RCI focuses on how institutions limit the “rational actions of political actors” and how these institutions mould the integration process through these actors. States when faced with these institutions change their conduct towards them and use them to reach their end objectives , thus acting rationally.
RCI shares with LI the view that states combine interests from their constituents and then present these ‘rationally’ at European level.
SI by contrast focuses on how institutions alter the “preferences and even identities of national elites involved in the process of European integration” these can often be culturally explained , and include ‘informal norms and formal rules’, the difference being that SI see these norms and rules as institutions themselves.
HI takes up a position which encompasses both SI and RCI . In comparison to RCI, HI shares the view that member states “intentionally create institutions to solve collective action problems” HI shares with SI the view that as time progresses, “institutions help to reinforce culture and condition responses to potential and real change” , as such I will focus on HI when assessing NI theory and its attempt to explain the process of European integration.
How then does HI explain the process of European integration? Well as explained before HI contends that the “current functioning of institutions cannot be derived from the aspirations of the original designers” as time progresses ‘gaps’ emerge between how the member states want integration to progress and what the institutions at EU level do. These so called gaps emerge for four reasons.
Firstly the institutions at European level given their new nature as political actors will seek to develop their own interests, these interests may differ from those of the member states who created the institutions.
Reference can be made here to the ECJ which over the course of several decades has steadily ‘constitutionalised’ the integration process in its own view with its rulings. This is because of the supremacy of EU law over national law . For example in 1990 in the case Barber vs. Guardian Royal Exchange Assurance Group, the ECJ ruled that,
occupational pensions are a part of an employee’s pay and must therefore comply with Article 119 of the EEC Treaty dealing with equal pay for men and women… the Court stated that it was contrary to Article 119 to impose different age requirements for men and women on conditions for obtaining pensions on compulsory redundancy under a private pension scheme
thus the ECJ deepened the integration process and extended EU competency into new fields.
Secondly, politicians in the various member states all face elections; as a result they will tend to focus on the short term goals, while EU institutions by the complex nature of integration will need to focus on the long term goals or as Pierson puts it “Long term institutional consequences are often the by products of actions taken for short term political reasons” .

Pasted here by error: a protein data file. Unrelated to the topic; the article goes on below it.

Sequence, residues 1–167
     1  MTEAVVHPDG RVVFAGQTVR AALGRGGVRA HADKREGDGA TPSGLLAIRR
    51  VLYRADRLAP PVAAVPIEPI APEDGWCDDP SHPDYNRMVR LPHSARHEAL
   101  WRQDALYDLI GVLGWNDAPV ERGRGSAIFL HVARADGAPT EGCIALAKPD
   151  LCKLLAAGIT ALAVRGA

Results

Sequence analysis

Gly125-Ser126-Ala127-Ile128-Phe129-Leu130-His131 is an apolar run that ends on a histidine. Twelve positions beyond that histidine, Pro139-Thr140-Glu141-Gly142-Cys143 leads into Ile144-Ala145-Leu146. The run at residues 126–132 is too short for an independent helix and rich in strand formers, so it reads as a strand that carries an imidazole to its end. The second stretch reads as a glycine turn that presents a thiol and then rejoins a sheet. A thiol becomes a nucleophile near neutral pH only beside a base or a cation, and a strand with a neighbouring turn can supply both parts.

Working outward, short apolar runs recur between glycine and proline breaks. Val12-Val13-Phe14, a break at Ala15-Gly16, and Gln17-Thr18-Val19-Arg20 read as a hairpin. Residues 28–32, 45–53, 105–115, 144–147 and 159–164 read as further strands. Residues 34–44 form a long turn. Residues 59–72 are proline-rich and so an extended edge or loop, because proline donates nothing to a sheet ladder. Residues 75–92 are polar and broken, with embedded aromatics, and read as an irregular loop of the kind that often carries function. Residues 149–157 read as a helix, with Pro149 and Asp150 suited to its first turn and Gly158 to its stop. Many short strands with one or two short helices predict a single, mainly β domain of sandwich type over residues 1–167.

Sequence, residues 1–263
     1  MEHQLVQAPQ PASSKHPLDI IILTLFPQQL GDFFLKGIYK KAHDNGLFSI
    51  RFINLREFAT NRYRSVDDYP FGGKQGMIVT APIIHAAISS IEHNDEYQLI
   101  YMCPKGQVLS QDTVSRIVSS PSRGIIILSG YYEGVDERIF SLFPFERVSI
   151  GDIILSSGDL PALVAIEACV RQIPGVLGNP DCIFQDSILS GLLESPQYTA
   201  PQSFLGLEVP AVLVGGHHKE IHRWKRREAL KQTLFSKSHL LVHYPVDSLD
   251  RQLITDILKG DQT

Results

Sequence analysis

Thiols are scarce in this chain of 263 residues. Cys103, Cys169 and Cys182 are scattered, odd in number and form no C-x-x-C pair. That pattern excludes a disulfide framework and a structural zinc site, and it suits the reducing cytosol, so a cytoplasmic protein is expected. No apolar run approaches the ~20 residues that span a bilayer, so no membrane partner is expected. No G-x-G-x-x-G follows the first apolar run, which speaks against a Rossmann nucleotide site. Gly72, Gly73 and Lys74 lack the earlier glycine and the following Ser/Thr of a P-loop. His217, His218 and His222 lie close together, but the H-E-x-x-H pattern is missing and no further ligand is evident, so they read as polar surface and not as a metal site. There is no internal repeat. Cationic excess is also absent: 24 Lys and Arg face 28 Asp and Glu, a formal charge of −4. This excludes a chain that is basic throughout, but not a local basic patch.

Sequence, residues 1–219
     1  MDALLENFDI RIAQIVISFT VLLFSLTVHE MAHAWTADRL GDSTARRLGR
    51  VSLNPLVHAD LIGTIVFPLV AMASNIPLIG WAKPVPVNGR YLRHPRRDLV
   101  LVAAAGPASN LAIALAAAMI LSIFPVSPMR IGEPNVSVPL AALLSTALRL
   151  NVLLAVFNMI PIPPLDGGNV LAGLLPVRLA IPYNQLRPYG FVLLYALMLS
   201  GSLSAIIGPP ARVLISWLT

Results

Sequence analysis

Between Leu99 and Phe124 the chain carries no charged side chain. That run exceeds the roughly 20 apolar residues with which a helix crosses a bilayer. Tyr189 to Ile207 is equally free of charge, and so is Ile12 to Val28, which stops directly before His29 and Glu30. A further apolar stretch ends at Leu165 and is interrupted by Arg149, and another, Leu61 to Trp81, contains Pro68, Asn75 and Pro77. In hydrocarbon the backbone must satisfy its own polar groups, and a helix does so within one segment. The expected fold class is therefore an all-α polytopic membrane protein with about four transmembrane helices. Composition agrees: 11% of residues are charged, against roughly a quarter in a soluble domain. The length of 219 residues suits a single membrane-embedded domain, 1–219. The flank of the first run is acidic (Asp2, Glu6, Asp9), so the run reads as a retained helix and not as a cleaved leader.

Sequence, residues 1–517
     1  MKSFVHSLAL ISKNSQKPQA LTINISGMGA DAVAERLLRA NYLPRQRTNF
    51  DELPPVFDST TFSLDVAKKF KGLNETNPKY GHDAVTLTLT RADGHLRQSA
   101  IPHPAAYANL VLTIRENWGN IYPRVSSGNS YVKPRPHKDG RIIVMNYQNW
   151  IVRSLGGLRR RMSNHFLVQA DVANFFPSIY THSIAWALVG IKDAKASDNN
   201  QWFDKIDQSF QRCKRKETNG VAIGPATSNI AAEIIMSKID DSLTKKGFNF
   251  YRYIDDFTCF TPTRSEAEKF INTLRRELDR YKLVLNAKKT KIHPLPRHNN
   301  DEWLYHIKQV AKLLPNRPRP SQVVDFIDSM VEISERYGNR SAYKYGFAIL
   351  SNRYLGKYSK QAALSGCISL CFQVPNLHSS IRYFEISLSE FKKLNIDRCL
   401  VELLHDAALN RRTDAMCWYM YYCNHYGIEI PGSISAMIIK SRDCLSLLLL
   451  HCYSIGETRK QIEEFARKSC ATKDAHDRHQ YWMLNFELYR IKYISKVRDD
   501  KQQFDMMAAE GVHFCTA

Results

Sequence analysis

Using an aforementioned example, in the negotiation of the Maastricht Treaty, John Major could not afford to face a serious backbench revolt over the ‘Social Chapter’ so close to an election as such a deal had to be struck with the 11 other member states to have a separate social protocol which would see Britain excused from enforcing any legislation under this new protocol.
The third gap to cause member states to lose control of the integration process is tied in with the Neofunctionalist logic of spill-over mentioned earlier, that of unanticipated outcomes .
‘Issue density’ causes the necessity of member states to assign resolutions to specialists due to time restrictions and lack of technical knowledge; these can result in unforeseen outcomes . In the intervening period between IGC’s (the ‘gaps’ being discussed) “flesh must be added to the skeletal frameworks” how this ‘flesh’ is added is up to the European institutions.
Furthermore issue density results in spill-over, as mentioned before spill-over occurs when it becomes difficult to confine integration to just one policy sector due to the close knit nature of modern economies which further causes unforeseen outcomes ,.
The final gap concerns that of policy preferences, over time with subsequent enlargements policy coalitions at European level will change , after all with each subsequent enlargement the numbers in the Commission, Council of Ministers, European Parliament and ECJ change to reflect the new size of the Union, with most of these institutions having one member from each member state.
In the Council the accession of ten new member states in 2004 significantly altered the Franco-German alliance that had previously existed, now a coalition between Britain and the new member states based around “pro-American, economically liberal views” had developed, shifting the possible policy outcomes. One such example is the appointment of José Manuel Barroso, an advocate of liberal economics and a supporter of the Iraq war, as president of the European Commission in 2004 over Guy Verhofstadt the choice of the Franco-German Alliance .
Does HI fully explain the process of European Integration? Much like the other two theories discussed it does not. It comes some way in doing so in comparison to the other theories, by encompassing both Neofunctionalist and LI views, but fails in placing institutions above member states, after all “national representatives are present at key stages of the policy process” and while institutions may direct the process of European integration in the interim periods, the frequency of IGC’s means that the compass can be swiftly pointed in a new direction.
To conclude, can any theory explain the process of European integration? Yes, several can, and over the last few pages the approaches of Neofunctionalist LI and HI have attempted to, but when the question is asked can it do so fully? The answer is no.
European integration is a complex process with differing theories being appropriate to explain different areas of integration . This process is an ongoing one described as a “social scientific puzzle” trying to explain the full picture of any puzzle that is ongoing and therefore incomplete is clearly impractical. It is not a fruitless process however as by seeking to explain the whole process of integration, integration theorists have provided us with the tools to extract an explanation of at least some parts of it.
To add to Tranholm-Mikkelsen’s summation of Neofunctionalism ; if Neofunctionalism explains the parts that make the elephant move, then LI explains the part that chooses the direction to move in and NI explains the parts that keep the elephant from falling over.